Eventually Akhtar would like to make prosthetic legs and expand overseas. He says he can imagine, someday, a surgically attached prosthetic—no batteries needed because movements would be controlled by the user's tendons. But for now, he says he's enabling one person at a time.

"Our veterans, they've gone through hell," he says. "And to be able to give them something back—that's been incredibly rewarding." —Ned Potter


SYNTHETIC DNA AT COMMERCIAL SCALE

FE Disruptors Medical Emily Leproust
Twist BioScience

EMILY LEPROUST — CO-FOUNDER, CEO, TWIST BIOSCIENCE

Making DNA from scratch is typically expensive, prone to error and not easily scalable. Twist has found a way to help automate and commercialize the process by creating a technology for writing synthetic DNA onto tiny silicon chips. The silicon chip allows Twist to miniaturize the chemistry of making DNA, enabling it to be manufactured cheaply and easily distributed to pharmaceutical companies and research labs. The technology has already had a big impact on public health: During the COVID-19 pandemic, Twist created a synthetic version of SARS-CoV-2 that was used in tests. Eventually, their synthetic DNA could also help identify specific cancers for targeted treatments and lead to ways of making spider silk at an industrial scale. This year, Twist launched Exome 2.0, a tool for bioscientists to analyze genes responsible for rare diseases and genetic disorders. —Meghan Gunn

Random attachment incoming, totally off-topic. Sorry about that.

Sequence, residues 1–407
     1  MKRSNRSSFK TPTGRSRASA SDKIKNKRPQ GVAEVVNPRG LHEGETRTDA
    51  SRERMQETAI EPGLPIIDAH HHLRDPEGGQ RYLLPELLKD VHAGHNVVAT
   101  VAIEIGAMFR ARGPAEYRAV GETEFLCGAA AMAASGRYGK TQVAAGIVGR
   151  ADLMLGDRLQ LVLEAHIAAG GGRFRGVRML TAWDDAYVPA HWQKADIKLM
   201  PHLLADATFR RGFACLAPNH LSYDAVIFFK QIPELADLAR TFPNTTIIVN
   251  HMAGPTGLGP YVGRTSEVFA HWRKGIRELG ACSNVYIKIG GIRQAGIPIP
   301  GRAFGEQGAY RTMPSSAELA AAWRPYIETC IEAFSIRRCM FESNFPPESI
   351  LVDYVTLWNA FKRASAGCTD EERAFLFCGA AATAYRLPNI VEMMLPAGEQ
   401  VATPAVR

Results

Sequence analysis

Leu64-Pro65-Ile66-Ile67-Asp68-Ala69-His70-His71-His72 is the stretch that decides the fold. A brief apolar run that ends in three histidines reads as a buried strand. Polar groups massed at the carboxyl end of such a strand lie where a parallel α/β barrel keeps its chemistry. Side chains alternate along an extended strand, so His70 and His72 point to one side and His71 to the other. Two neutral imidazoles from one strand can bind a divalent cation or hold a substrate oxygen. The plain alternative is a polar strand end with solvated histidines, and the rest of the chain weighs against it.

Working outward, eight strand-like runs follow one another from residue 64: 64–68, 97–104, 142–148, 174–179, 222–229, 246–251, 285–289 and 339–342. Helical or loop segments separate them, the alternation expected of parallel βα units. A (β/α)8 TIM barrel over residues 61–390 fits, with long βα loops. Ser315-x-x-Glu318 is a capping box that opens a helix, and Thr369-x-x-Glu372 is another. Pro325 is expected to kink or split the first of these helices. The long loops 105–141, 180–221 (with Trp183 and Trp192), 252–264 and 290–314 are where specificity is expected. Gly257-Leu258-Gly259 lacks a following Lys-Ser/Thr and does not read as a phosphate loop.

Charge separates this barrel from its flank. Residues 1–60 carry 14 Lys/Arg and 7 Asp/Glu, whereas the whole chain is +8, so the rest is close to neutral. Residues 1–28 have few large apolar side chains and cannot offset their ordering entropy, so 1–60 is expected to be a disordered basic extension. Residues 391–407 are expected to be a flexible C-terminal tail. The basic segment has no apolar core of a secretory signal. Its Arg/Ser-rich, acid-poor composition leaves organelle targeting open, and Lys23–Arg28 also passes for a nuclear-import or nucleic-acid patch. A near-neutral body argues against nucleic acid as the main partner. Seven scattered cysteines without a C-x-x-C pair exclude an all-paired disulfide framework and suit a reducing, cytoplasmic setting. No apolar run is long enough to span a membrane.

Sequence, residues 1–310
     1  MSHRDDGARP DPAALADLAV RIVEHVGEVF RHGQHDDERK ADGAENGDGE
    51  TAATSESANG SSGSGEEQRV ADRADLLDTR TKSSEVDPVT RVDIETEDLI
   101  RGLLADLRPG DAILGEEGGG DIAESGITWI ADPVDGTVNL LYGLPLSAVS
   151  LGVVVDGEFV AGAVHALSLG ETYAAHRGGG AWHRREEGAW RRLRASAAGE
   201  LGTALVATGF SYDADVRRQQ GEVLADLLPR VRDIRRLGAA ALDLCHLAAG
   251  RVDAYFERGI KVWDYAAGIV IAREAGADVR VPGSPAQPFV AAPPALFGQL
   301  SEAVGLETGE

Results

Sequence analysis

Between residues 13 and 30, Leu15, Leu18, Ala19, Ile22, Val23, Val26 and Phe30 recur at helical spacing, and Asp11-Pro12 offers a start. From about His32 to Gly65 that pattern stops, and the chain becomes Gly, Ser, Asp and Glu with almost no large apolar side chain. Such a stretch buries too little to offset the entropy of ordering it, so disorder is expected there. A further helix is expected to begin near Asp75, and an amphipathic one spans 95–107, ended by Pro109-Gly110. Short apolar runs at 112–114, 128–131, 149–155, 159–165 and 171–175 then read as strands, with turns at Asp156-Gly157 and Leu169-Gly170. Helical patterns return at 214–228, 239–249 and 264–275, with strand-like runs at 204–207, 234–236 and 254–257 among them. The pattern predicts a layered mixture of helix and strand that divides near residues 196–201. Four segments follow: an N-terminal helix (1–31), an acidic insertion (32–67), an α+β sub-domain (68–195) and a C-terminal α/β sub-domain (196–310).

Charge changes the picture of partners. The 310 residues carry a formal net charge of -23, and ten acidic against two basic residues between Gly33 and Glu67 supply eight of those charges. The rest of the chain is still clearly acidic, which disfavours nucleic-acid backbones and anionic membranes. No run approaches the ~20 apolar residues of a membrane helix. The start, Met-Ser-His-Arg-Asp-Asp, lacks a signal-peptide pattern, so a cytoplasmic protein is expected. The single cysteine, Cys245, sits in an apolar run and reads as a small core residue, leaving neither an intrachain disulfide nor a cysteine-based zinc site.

Medicine Delivered By Mist

FE Disruptors Medical Madhavi and Rathi
Illustration by Alex Fine; Source photos courtesy of Droplette

MADHAVI GAVINI, RATHI SRINIVAS — CO-FOUNDERS, DROPLETTE

For people who suffer from epidermolysis bullosa, disorders that cause the skin to become fragile and blister, applying topical treatments is a painful ordeal. Madhavi Gavini and Rathi Srinivas looked for a better way to deliver medical help. Their solution: a handheld device that acts like a nebulizer and can deliver treatments and pain relievers via a superfine and powerful mist that penetrates deep into the skin. While developing the technology, with funding from the National Institutes of Health, the two inventors decided to broaden its applicability to more common skincare concerns, such as treating wrinkles and blemishes with retinal, collagen and glycolic acid mist treatments. The pair say their device allows the skin to absorb larger molecules than are typical in topical treatments.

The approach has garnered glowing reviews in InStyle, Laptop Mag and other publications. More than 1 million of its skincare treatment capsules been sold since it launched a year ago. The pair is also working with researchers from MIT, Tufts and Walter Reed Army Institute of Research on developing the device, called Droplette, for a variety of diseases including genetic disorders, wounds and skin infections. NASA, too, has come calling, awarding them a grant to test aspects of their tech on the International Space Station. "They were fascinated by the fluid physics that drives our device," says Srinivas. —Kerri Anne Renzulli


A Dissolvable Pacemaker

FE Disruptors Medical John Rogers
Chris Strong/Northwestern University

JOHN A. ROGERS — DIRECTOR, QUERREY SIMPSON INSTITUTE FOR BIOELECTRONICS, NORTHWESTERN UNIVERSITY